poetic electricity

Writing in response to PoemTalk #22 on Zukofsky,the Cincinnati-based engineer Aryanil Mukherjee, whose site featuring translations of Bengali poetry we admire, sent us some helpful observations:

I thought I would share this with you if it makes any sense or sheds any new light with which certain aspects of the poem might be reviewed. The opening line [Its hard to see but think of a sea condensed..] made me think of exactly how an electrical condenser [ also known as a capacitor] works. Although, in the next line Zukofsky moves on to the transmission of light and waves, refers to electric stress, finally conditioning it with "unless the space the stresses cross is air". I thought that the construction and functioning of an electric condenser remains central to these lines.

Condensers build voltage and store energy [electric stress] with no real "material" actually conducting electricity. Their construction shows an air gap between the two walls across which the voltage or voltaic stress is preserved. In physics, when we compare electric circuits to elastodynamic spring-mass systems the condenser is equal to a damper which plays a similar role of dampening/amplifying a force [by reducing acceleration].

George Gamow, the Russian born American nuclear physicist, wrote a great deal of popular science. In one of these books [can't remember the title] he describes wave propagation comparing the sea to an electric circuit [and a mechanical spring-mass system] with several layers of capacitors or condencers in parallel. I thought Zukofsky's description of the sea came very close to Gamow's model especially where he talks about "many condensers large and small"...etc.

That a great deal of electric stress [and light] can be stored in between the surface waves and the seabed in layers and all of that can be actually "transmitted" without a real "felt" medium in between is perhaps not just scientific truth but also poetic electricity.

Just begun to learn (PoemTalk #22)

Louis Zukosky, "Anew" 12

LISTEN TO THE SHOW

One of the signal steps forward in the PennSound project--the gathering of recordings of modern and contemporary poets reading their own poems--was the release of the recordings of Louis Zukofsky, thanks to the generosity and cooperation of Paul Zukofsky. The recordings on PennSound's Zukofsky author page are being made available for non-commerical and educational use only (in line with PennSound's mission), and any other use can only be done by permission of Paul. (If you need to contact him, just write us and we'll put you in touch: poemtalk [AT] writing [DOT] upenn [DOT] edu.)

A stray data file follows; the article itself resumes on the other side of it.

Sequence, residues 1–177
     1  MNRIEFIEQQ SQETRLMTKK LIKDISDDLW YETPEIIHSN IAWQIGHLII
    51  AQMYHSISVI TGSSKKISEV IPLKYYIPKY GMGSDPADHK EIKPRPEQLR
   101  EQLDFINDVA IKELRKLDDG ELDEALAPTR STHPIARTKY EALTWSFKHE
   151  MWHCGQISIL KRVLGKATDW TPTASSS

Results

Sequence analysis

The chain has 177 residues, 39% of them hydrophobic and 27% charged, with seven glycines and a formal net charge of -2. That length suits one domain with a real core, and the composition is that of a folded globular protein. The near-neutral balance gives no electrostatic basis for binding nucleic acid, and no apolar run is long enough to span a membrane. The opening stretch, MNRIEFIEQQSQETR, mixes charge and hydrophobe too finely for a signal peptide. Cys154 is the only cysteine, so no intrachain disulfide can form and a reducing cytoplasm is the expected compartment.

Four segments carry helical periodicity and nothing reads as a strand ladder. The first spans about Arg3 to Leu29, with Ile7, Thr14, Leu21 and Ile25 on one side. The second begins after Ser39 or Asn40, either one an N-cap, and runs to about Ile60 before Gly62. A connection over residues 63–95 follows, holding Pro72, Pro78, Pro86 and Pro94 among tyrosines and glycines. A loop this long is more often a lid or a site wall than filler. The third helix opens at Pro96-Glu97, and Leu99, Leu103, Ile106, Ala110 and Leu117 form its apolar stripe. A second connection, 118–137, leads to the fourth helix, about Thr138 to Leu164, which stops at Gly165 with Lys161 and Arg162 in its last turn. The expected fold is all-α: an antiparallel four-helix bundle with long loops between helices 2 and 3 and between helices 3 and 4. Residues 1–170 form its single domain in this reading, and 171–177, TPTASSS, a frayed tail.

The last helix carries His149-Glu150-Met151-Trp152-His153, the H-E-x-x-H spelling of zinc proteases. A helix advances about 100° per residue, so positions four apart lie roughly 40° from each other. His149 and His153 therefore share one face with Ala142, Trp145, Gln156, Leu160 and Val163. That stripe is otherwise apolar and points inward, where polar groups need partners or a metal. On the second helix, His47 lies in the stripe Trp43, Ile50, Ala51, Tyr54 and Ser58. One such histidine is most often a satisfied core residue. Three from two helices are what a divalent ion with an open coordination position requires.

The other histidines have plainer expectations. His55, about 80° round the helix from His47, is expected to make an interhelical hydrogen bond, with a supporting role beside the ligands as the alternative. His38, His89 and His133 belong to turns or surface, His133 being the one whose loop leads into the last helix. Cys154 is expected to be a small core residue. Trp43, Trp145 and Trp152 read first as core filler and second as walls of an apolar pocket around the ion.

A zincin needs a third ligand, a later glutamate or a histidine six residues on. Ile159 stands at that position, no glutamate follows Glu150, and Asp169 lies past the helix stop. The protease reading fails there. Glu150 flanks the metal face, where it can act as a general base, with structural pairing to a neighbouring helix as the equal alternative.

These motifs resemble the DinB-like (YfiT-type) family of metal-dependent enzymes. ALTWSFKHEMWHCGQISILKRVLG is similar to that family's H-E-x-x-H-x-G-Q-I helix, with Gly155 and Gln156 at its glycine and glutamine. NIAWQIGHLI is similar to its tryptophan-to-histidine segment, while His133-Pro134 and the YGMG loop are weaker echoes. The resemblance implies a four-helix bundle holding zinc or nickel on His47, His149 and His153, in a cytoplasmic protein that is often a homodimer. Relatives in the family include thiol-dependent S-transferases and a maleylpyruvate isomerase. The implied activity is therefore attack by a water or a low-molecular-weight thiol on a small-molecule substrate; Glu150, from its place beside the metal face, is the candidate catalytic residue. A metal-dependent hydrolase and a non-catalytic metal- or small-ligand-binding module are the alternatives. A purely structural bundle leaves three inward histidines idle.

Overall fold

The Zukofsky recordings are remarkable! One of them was made in 1960 by Zukofsky at home, on a reel-to-reel tape machine. It was meant for the Library of Congress. It includes readings of some sections of the long poem Anew. PoemTalk 22 is a discussion of the gorgeous twelfth poem in the Anew series, which is untitled and gets mentioned by its first line, "It's hard to see but think of a sea." One gets a sense of its worked-at density from this first-line sentence alone.

The Anew poems were written between 1935 and 1944 and published in March 1946 at James Decker’s press in the small-format “Pocket Poetry” series. Marcella Booth has dated the writing of our poem precisely: January 16-17, 1944, a week before the poet’s 40th birthday. Several critics have contended that Anew was Zukofsky's attempt at a fresh start. William Carlos Williams, a great supporter of Z and an admirer of these poems, called the writing in this work "adult poetry." Perhaps he meant that Zukofsky was growing up, taking on seasoned topics. Certainly, at least, the end of our poem is quite personal, words coming from the poet's contemplation of his 40th birthday, of mortality's challenge to and provocation of open-ness. As Bob Perelman puts it (asked to compare this poem to others), "The poem is almost conversational. 'Gee, I'm 40. I'm thinking about my entire life.'" Much of our conversation--with PoemTalkers Perelman, Wystan Curnow (visiting us from New Zealand), and Charles Bernstein--is devoted to integrating the first part (full of the language of science) with the second (the personal retrospective).